Jewish schools have been operating an unlawful admissions policy for more than 30 years, the Supreme Court concluded this week.
In a 5-4 ruling, the UK’s most senior judges dismissed an appeal by JFS against a ruling that the leading Jewish school had broken the Race Relations Act when it refused to admit a boy whose mother’s conversion was not recognised by the Office of the Chief Rabbi.
The boy, known only by the initial M, was allowed to join the school after the earlier ruling by the Court of Appeal. He and his father are members of a Masorti synagogue in London.
M’s father, who also cannot be named, said the Race Relations Act, as well as protecting Jews from prejudice, “also provides for the fair and equal treatment of all children within our educational system”.
The family’s solicitor, John Halford, said the ruling represented “a definitive end to six decades of exclusion of children who are devout in their Jewish faith, but considered by some to be not quite Jewish enough to enjoy the benefits of their community’s leading faith school”.
Of the nine judges who sat to hear the appeal by JFS in October, only two found wholly in the school’s favour. The other two in the minority found for the school with strong caveats.
One of the minority judges, Lord Brown, said that if the arguments put on M’s behalf were correct, JFS — and all other maintained or independent Jewish schools where admission depended on religious law — “have been operating an unlawful directly racially discriminatory policy for upwards of 30 years”.
Jewish schools, if oversubscribed, would now have to select “by reference only to outward manifestations of religious practice”, Lord Brown added. “The Court of Appeal’s judgment insists on a non-Jewish definition of who is Jewish.”
Lord Rodger, the other minority judge, described this as a “concocted” test that “might appeal to this secular court but ... has no basis in 3,500 years of Jewish law and
The finding that the school was guilty of direct discrimination against M on the grounds of his ethnic origins was reached by a majority of five judges, headed by Lord Phillips, the court’s president.
Two of the four minority judges took the view that JFS was guilty of indirect discrimination because it had failed to demonstrate that its policy was proportionate.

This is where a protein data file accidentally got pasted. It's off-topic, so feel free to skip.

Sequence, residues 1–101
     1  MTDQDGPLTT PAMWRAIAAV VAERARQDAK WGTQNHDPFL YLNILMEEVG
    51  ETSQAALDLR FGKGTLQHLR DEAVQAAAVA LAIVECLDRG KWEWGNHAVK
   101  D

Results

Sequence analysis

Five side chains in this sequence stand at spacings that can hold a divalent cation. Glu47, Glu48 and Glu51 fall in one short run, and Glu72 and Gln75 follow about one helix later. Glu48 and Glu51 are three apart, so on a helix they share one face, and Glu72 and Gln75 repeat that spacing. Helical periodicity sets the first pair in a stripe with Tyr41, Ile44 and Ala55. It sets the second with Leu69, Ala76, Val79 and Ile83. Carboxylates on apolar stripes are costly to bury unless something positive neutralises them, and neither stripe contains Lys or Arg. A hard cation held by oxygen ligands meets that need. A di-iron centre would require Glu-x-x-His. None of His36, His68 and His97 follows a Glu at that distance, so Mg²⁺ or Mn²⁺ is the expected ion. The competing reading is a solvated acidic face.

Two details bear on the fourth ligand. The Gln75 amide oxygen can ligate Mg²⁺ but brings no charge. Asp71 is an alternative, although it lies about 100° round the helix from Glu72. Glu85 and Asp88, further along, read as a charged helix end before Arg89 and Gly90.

But Lord Phillips stressed that nothing in his ruling “should be read as giving rise to criticism on moral grounds of the admissions policy of JFS in particular or the policies of Jewish faith schools in general, let alone suggesting that these policies are ‘racist’ as the word is generally understood”. Other judges agreed.
But accepting that the court’s ruling “risks upsetting a policy of admission to Jewish schools that, over many years, has not been considered to be open to objection”, Lord Phillips said that “there may well be a defect in our law of discrimination” because it provided no defence of justification.
Those doubts were shared by Lady Hale, another of those who found against JFS. Perhaps, she said, the Jewish people should be allowed to follow religious laws that had allowed them to survive centuries of persecution.
“But if such allowance is to be made,” Lady Hale continued, “it should be made by Parliament and not be the courts”.
She suggested the Equality Bill, currently before Parliament, could be used to amend the Race Relations Act.
But the Equality and Human Rights Commission, which was given permission to put arguments to the court in support of M, welcomed the ruling and gave no indication that it would support a change in the law.
Trevor Phillips, who chairs the commission, said it intended “to work with the Chief Rabbi and other faith leaders to ensure that the broad interpretation of the Race Relations Act will not interfere with any family’s opportunity to choose an educational environment supportive of their beliefs”.
Lord Sacks welcomed the suggestion by Lord Phillips that “the issue at stake in this case may require legislative remedy”. But, the Chief Rabbi added: “these matters require careful reflection and consultation; and instant reactions would be inappropriate.”
The Board of Deputies said it would explore the possibility of a legislative change, “urgently and after consultation across the community”.